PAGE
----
From Ma Rainey's Black Bottom (2020), dir. George C. Wolfe (all images courtesy Netflix)

The space between watching Ma Rainey’s Black Bottom and analyzing it is wider than one could ever imagine. There’s so much to be captivated by in George C. Wolfe’s adaptation of the classic August Wilson play — the costumes, the charming staginess of its presentation, and the quick, smooth cadence of the dialogue. The story takes place in a time before subtext was text, when people didn’t pretend to know everything about each other. If you wanted to know someone, you would have to wait for them to tell you with the faint hope that they’re telling the truth, because there was no way to check. These conditions made it easier to mythologize oneself, flaunting an understanding of the world you may not actually have. Wilson showed a strong grasp of this in the way he wrote his male characters, each one shielding his pain with trash talk and aggression. And despite the title, masculine pain is the subject of this movie.

The story focuses on Levee, Toledo, Cutler, and Slow Dray (respectively played by Chadwick Boseman, Glynn Turman, Colman Domingo, and Michael Potts), the backing band for legendary blues singer Ma Rainey. One fateful day in a Chicago studio, they have lively debates while waiting for their sharp-tongued boss to be ready to record an album. Bassist Slow Drag plays mediator, pianist Toledo laments the stagnation of Black people in society (citing their preoccupation with having a good time), trombonist Cutler talks about the importance of God and faith, and trumpeter Levee talks about himself. Levee is the real star of the film, a young hotshot with a dark past who has something to prove. For the others, this is just another workday, but for Levee, it’s his chance to appeal to the white producers and start his own career. He buys new shoes, perfects a song, and sets his sights on Ma’s girlfriend. He continually disparages Ma’s sound as “jug band” music and refuses to practice. Throughout the film, Cutler keeps warning him to just “Play the piece” and avoid showboating, but he pays this no mind.

YouTube video

Those unfamiliar with the play will likely be surprised that Ma Rainey’s Black Bottom isn’t really about Rainey at all, given that the marketing heavily implied otherwise. Further confusing matters is the fact that she’s played by Viola Davis, who commands attention every time she’s on screen. But she is essentially an accessory to the wider ideological exploration of the plight of the American Black man in the 1920s, mainly appearing in small interludes between the men’s discussions. She shares nuggets of wisdom, but rarely does anyone acknowledge what she’s saying.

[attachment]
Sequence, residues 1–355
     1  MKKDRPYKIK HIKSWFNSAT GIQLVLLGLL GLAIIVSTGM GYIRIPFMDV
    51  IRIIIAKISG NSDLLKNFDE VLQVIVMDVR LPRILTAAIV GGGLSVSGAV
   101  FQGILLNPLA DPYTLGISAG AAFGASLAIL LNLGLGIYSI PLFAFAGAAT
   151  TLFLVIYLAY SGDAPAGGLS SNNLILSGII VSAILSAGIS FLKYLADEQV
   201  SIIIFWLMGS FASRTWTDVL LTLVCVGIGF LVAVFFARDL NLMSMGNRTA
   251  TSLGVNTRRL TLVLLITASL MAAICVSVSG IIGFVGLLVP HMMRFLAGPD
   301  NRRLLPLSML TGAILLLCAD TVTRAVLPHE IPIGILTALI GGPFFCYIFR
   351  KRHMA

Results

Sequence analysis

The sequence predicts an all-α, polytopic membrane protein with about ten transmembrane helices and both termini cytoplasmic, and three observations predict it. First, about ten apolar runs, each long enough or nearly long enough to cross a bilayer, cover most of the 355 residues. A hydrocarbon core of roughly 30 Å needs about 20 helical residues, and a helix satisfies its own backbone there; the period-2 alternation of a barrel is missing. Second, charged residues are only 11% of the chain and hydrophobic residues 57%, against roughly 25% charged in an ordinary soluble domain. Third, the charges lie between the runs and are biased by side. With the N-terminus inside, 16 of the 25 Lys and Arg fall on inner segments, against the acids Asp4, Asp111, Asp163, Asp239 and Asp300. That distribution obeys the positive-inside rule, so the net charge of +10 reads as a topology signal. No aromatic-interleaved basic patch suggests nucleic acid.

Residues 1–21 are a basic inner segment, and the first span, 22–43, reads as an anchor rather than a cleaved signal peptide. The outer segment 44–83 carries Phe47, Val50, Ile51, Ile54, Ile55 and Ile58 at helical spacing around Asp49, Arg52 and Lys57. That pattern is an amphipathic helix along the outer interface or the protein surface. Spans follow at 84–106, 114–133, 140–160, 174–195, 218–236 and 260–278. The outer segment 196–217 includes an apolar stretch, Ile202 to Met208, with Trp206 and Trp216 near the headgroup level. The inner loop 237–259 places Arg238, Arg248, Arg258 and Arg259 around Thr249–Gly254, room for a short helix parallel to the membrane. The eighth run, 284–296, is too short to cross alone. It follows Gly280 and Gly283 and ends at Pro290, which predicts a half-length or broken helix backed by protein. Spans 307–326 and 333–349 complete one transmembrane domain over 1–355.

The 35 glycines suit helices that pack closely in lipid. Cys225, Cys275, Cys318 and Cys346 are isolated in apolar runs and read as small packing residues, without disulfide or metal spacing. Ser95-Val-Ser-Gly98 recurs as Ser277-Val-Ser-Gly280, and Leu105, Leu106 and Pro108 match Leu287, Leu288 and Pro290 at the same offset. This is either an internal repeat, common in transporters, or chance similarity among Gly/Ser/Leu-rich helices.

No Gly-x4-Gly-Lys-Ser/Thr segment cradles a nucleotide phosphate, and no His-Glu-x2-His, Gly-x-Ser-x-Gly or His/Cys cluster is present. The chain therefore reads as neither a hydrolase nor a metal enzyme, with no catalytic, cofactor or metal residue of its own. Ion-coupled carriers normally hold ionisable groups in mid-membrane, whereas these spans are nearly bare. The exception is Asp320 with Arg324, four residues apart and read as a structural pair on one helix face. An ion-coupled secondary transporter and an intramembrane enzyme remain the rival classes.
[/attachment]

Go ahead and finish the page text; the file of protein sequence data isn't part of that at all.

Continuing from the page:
Rainey’s relationship to the narrative is a great example of the way Black male writers portray Black mothers — watching from the sidelines, only intervening when needed. In film, these figures are always played by strong, commanding actresses, and yet we are still asked to think of them as secondary. Davis stumbles clumsily in an ill-conceived fat suit. She pales in comparison to Mo’Nique’s nuanced take on the same role in Bessie, Dee Rees’s 2015 biopic of Bessie Smith in which Rainey has a significant part. For those looking for a story in this setting that’s actually about Black women, that film intelligently explores the queerness and sensuality of performance, as well as the specific struggles that fat Black women have to deal with in the entertainment industry.

From Ma Rainey’s Black Bottom

Boseman fares much better in his final role, demonstrating that he had the range to play villains as well as heroes. Halfway through the film, he delivers a five-minute monologue with staggering power and precision. It’s incredible work, made all the more potent by his recent untimely death. Domingo and the rest of the supporting cast turn in lovely performances as well, reminding us of the underappreciated craft of character actors. Ma Rainey’s Black Bottom is about ego and the supposed justice in allowing Black men to embrace it after decades of their degradation. While Levee struggles to express to his bandmates why he thinks he should act like a big shot, Ma is walking around with the power and confidence he desires. He believes that kind of life is owed to him, and that he should cut corners to get it. And it makes sense that he would feel that way from his limited understanding of life beyond his own experience. We don’t have to like him, but his pain is deeply felt. The tragedy is that he doesn’t know any better.   

Ma Rainey’s Black Bottom is available to stream on Netflix.

Jourdain Searles is a writer and performer living in Queens, New York. She has written for many publications, including Bitch Media, The AV Club, Vulture, and Thrillist.